An Institution is a set of formal and informal rules, guidelines, norms, values, and behavioural and psychological scripts aimed at meeting some human need or achieving some (overt or covert) human goal through the careful control and direction of human behaviour.<ref>———. Rocket Scientists’ Guide to Religion and Human Spirituality. St. Albert, Alberta: Lightning Path Press, 2020.</ref
For example, the institution of education is a formal and informal set of rules, guidelines, norms, and values aimed at the overt goal of educating children. Those who enter the educational institution are expected to follow the rules (i.e., sit in desks, listen to teacher, assess students with exams), act in line with expectations, and otherwise carry out the actions scripted by the institution and its carriers. The ostensible purpose of following the rules and obeying the scripts is to ensure children are educated properly
There are many types of institutions besides the institution of modern education, including the institution of the family, the institution of marriage, modern financial institutions (like banks and stock markets), and so on. All that is required of an institutino is that there be rules, guidelines, norms, and scripts that control human behaviour for specific human purposes.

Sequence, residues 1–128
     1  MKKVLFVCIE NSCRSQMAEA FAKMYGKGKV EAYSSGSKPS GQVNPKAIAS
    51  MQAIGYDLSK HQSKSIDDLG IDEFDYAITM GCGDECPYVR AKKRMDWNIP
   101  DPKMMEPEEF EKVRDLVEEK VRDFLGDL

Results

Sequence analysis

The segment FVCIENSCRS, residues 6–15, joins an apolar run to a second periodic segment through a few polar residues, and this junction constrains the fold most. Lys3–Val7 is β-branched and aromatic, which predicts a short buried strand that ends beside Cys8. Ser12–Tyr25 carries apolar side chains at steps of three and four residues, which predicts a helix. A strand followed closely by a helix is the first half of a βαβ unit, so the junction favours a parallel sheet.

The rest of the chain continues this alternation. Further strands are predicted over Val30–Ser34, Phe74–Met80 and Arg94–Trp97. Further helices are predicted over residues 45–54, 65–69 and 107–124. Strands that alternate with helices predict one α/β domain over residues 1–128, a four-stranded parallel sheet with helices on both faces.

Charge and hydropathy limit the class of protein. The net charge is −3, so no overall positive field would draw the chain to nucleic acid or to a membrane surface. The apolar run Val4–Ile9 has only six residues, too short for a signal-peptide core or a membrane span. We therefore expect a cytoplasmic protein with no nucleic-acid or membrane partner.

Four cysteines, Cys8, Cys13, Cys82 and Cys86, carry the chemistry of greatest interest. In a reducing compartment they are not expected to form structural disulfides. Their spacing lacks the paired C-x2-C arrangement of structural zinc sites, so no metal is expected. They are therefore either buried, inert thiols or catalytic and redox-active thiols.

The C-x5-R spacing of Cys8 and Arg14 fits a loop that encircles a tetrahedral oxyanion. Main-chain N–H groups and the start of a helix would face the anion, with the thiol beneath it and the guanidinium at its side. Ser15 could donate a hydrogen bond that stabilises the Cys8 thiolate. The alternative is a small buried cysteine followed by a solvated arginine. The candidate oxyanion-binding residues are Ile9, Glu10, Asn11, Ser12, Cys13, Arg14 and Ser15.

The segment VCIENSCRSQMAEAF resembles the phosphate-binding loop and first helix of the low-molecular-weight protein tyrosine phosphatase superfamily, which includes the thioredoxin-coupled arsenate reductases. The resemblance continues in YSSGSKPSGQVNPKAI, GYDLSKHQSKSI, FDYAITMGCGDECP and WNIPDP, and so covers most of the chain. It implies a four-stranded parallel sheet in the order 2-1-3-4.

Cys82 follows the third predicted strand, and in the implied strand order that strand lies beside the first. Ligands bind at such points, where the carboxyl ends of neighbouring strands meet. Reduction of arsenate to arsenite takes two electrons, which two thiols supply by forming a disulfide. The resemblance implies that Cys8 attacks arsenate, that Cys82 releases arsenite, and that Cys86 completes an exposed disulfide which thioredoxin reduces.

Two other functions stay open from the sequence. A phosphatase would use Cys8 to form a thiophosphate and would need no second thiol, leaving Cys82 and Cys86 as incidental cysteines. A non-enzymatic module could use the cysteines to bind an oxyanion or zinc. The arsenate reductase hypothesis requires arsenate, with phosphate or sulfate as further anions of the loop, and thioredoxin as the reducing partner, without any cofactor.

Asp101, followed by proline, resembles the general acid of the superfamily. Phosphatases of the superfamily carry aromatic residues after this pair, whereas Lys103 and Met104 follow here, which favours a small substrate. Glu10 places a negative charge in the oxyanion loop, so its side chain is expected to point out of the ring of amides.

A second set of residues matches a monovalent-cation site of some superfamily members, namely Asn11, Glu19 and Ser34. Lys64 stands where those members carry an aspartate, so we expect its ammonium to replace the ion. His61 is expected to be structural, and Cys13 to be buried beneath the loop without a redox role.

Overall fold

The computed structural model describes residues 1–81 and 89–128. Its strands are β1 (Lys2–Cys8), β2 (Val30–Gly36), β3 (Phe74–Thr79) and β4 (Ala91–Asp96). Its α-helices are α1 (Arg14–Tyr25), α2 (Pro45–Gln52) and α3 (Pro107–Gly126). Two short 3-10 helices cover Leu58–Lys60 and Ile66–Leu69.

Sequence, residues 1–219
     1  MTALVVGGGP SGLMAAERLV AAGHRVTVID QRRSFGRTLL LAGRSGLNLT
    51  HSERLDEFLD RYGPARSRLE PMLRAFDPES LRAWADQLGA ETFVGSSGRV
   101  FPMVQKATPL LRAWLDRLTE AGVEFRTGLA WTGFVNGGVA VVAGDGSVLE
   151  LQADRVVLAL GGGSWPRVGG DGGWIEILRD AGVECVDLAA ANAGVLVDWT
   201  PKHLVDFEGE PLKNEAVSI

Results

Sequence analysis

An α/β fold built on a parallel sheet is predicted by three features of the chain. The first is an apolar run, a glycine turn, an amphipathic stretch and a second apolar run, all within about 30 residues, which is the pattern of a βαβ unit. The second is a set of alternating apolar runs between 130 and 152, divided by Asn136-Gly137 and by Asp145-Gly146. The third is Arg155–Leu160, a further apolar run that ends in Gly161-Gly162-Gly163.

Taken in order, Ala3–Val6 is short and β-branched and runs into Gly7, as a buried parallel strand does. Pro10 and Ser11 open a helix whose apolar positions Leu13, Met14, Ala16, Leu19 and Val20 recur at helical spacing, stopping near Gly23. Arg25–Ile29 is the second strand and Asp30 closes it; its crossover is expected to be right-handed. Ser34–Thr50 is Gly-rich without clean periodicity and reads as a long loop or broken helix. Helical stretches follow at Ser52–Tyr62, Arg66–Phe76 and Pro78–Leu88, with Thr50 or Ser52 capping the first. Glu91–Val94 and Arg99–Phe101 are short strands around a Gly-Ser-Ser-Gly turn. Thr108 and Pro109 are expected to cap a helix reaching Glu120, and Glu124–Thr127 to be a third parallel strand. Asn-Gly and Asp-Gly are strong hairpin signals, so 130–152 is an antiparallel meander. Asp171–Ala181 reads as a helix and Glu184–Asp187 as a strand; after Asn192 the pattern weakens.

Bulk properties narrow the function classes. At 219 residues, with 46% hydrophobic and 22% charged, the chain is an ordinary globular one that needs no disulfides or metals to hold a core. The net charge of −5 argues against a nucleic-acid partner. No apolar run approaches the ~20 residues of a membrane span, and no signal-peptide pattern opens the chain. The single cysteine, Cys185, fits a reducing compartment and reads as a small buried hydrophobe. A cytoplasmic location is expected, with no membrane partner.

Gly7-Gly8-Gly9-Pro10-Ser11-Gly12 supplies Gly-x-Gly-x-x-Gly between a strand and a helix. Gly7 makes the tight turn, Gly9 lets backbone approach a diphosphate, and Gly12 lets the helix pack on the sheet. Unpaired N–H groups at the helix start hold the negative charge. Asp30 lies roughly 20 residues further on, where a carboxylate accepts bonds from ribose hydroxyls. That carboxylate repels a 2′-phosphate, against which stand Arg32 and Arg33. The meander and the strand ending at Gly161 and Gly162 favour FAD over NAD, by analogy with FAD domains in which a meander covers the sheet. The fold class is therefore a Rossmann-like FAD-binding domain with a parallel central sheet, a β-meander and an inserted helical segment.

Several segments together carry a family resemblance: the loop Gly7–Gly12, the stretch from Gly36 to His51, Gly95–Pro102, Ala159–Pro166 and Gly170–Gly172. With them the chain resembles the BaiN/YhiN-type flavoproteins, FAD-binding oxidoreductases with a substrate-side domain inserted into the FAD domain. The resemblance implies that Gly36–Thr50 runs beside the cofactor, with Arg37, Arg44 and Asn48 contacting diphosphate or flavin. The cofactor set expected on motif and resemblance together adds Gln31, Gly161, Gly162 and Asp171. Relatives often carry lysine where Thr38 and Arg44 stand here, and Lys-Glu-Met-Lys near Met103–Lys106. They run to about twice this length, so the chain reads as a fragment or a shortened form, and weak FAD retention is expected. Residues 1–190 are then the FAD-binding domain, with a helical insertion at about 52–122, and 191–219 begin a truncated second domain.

In most cases, institutions may be housed in physical structures. The institution of education, for example, has offices and classrooms. It is important to note that a physical structure is not a required characteristic of an institution. The tribal institution of story telling (which is patterned behavior organized around a functional output), for example, is independent of any physical structures.
Although we are often born into institutions, institutions themselves do not exist without tacit individual approval and acceptance of behavioral patterns. Teachers, for example, recreate the institution of education on a daily basis by their formal and informal participation in the behavioral patterns associated with the institution. It is the same with all institutions. An institution exists only when individuals voluntarily (or involuntarily) participate in the behavioral patterns. In other words, the behavioral patterns of institutions do not exist independently of the institution. We (and by "we" I mean the witting or unwitting participants in institutional behaviors) are taught the "ways" and behaviors of a specific institution. Teachers for example spend many extra years in school not only learning the technical component of teaching, but also the expected behaviors. The same can be said of any institution in society. The behaviors, norms, and values associated with particular institutions are "passed on." This process of learning the institutional ropes is known as Socialization.